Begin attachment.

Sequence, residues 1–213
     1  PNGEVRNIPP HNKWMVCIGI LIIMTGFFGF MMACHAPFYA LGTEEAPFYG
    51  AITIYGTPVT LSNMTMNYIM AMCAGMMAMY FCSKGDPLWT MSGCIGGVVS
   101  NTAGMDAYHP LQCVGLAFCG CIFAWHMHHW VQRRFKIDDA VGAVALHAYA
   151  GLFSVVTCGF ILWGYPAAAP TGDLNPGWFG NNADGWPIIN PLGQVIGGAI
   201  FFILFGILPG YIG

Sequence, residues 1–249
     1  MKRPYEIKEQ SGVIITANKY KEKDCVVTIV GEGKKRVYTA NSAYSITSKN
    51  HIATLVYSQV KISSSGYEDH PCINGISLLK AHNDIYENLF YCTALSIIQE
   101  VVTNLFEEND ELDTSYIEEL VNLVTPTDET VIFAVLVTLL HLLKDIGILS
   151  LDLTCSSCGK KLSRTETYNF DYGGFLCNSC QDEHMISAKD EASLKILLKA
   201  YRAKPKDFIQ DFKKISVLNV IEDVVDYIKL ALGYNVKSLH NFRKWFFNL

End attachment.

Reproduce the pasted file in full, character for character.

Sequence, residues 1–213
     1  PNGEVRNIPP HNKWMVCIGI LIIMTGFFGF MMACHAPFYA LGTEEAPFYG
    51  AITIYGTPVT LSNMTMNYIM AMCAGMMAMY FCSKGDPLWT MSGCIGGVVS
   101  NTAGMDAYHP LQCVGLAFCG CIFAWHMHHW VQRRFKIDDA VGAVALHAYA
   151  GLFSVVTCGF ILWGYPAAAP TGDLNPGWFG NNADGWPIIN PLGQVIGGAI
   201  FFILFGILPG YIG

Sequence, residues 1–249
     1  MKRPYEIKEQ SGVIITANKY KEKDCVVTIV GEGKKRVYTA NSAYSITSKN
    51  HIATLVYSQV KISSSGYEDH PCINGISLLK AHNDIYENLF YCTALSIIQE
   101  VVTNLFEEND ELDTSYIEEL VNLVTPTDET VIFAVLVTLL HLLKDIGILS
   151  LDLTCSSCGK KLSRTETYNF DYGGFLCNSC QDEHMISAKD EASLKILLKA
   201  YRAKPKDFIQ DFKKISVLNV IEDVVDYIKL ALGYNVKSLH NFRKWFFNL